A big example of this is Jay Hornung’s Darkrai/Mewtwo deck that he piloted to third place finishes at both the 2012 US Nationals and World Championships. People had toyed around with Mewtwo EX in Darkrai variants a little bit, but before Jay’s breakout performance with it, no one really had figured out just how strong going heavy Mewtwo EX could be in Darkrai.
In the Winter Regionals, a large group of players had taken the trashed Registeel EX/Mewtwo EX/Terrakion/Garbodor deck, getting rid of Registeel in favor of Landorus EX and found a lot of success.
Sometimes a strong concept for a deck is already in place, it’s just waiting to be improved upon to become a serious threat.
Approaching the Rogue Realm
Deciding to test the tournament waters with a rogue deck can always be a nervous experience, especially for a player making that dive for the first round. In this section I am just going to give some general guidelines I have developed when it comes to rogue decks.
One of the biggest things when it comes to creating a successful rogue deck can be your attitude towards the game. During times when you’re not really feeling the game it can be difficulty for creativity to spawn as you’re just not into it. During times where you’re not too invested in the game it can be best to just stick to the basics, otherwise a bad tournament performance with a rogue deck can further demotivate you to play the game. I’ve seen plenty of players play an under-tested rogue deck when they weren’t too heavily invested in the game, have a bad performance, and then just rail on how stupid the format is.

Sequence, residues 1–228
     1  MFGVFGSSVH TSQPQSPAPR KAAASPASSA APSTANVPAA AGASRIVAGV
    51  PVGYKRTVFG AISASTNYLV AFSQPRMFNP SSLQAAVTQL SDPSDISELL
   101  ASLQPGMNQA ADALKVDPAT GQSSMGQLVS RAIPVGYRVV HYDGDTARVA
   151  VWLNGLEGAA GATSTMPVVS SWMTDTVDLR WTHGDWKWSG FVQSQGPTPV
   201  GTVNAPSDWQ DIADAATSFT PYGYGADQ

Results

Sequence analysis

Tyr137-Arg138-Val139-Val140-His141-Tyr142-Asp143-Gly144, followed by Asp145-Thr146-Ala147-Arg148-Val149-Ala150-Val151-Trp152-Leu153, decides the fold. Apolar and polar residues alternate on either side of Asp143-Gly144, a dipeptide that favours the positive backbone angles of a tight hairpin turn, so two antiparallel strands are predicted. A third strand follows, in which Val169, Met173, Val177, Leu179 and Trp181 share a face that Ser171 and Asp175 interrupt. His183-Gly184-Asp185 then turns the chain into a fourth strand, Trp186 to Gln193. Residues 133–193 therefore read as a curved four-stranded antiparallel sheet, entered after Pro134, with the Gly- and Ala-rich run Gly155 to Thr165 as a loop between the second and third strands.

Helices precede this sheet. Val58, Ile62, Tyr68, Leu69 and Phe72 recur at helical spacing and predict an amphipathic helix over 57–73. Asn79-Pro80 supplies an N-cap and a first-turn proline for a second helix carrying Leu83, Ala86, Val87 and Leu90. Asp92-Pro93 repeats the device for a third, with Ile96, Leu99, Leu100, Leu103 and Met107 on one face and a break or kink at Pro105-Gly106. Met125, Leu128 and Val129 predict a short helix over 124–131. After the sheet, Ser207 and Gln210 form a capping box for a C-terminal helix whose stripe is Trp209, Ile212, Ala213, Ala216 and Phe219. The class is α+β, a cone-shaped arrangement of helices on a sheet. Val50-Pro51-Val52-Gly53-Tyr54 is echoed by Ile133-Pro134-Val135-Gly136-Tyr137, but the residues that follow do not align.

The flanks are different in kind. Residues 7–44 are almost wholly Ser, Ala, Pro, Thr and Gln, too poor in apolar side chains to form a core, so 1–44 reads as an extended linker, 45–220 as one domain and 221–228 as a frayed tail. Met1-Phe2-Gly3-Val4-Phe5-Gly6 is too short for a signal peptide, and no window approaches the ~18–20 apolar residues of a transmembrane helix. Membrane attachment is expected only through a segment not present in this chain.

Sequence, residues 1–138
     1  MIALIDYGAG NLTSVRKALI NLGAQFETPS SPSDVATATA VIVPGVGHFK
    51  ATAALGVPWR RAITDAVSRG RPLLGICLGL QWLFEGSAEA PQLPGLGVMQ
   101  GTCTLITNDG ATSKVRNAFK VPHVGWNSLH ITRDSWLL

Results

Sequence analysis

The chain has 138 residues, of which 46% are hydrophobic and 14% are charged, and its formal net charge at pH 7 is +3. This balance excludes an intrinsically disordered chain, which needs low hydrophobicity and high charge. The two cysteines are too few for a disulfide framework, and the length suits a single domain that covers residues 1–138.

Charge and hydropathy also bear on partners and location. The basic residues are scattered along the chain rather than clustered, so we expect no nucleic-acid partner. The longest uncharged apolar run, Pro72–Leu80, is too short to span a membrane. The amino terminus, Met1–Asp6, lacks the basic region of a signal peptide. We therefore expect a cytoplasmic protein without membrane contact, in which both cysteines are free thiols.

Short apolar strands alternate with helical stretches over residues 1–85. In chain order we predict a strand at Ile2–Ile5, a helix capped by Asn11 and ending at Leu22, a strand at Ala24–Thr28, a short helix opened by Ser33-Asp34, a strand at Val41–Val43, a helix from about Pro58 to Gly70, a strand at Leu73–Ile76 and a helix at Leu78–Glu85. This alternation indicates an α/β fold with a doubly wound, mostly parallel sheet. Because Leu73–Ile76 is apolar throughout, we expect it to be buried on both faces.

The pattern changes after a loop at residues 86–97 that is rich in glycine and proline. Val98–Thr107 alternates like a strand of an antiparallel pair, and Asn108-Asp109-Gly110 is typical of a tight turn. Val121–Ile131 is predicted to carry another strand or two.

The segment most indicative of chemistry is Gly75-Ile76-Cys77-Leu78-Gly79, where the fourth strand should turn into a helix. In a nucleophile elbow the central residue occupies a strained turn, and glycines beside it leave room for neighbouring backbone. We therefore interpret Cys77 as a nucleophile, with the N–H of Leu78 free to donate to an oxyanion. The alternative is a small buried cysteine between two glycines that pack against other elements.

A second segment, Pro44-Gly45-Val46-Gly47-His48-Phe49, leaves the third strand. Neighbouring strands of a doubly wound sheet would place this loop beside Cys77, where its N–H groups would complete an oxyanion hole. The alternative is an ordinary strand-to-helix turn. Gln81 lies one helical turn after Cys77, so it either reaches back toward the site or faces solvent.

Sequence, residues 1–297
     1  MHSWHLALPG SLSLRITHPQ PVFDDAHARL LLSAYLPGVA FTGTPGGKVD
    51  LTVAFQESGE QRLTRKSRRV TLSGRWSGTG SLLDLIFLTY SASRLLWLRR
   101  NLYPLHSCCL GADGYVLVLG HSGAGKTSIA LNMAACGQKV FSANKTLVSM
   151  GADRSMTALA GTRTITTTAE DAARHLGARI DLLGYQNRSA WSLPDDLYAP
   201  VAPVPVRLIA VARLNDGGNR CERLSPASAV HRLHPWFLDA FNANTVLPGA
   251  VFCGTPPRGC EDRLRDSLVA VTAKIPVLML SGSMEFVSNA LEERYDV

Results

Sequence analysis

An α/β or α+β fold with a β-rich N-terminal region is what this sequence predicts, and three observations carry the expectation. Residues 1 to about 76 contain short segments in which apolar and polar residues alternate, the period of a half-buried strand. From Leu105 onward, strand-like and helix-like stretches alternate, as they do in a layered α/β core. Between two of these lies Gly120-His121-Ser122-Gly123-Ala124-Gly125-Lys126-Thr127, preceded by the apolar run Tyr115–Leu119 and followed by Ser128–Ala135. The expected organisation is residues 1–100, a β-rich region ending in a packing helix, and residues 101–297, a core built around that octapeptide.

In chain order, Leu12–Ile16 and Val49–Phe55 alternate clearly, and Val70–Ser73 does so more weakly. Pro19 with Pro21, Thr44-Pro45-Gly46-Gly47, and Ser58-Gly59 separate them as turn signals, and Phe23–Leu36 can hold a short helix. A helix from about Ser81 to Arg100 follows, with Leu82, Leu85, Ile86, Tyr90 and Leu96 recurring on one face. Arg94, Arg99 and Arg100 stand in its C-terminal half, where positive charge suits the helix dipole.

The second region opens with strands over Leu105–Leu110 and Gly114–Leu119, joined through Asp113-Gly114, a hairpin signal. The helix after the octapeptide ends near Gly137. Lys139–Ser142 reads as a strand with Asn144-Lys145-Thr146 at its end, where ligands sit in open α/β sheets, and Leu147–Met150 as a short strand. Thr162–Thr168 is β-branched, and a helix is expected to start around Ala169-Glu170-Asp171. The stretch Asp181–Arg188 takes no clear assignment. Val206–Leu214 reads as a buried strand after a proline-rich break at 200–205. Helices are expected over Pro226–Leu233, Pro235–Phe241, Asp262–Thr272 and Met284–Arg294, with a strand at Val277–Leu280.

Where creativity will spawn more often is when a player is heavily invested in the game and super excited about playing the game, so they actually go out and play it often. When someone is playing a lot of games, they will be able to gain a better vantage point of the intricacies of the format and will better suited for building a deck to exploit the format.
The truth about rogue decks is that most of them will never turn out to be a success. The meta decks are meta for a reason, because they actually are good. Most of the strong ideas are found early, which leaves rogue decks to come from the less obvious, which means that more of these ideas are bound to fail. It is important to accept criticism about your rogue deck, as you might get so caught up in your own little bubble that you overlook major flaws in your deck’s strategy.
The approach I take to a given format is to consider rogue decks secondary. I always want to try to look for something that exploits the format in some way if I can, but if not, I’ve learned to not push something just for the sake of playing different.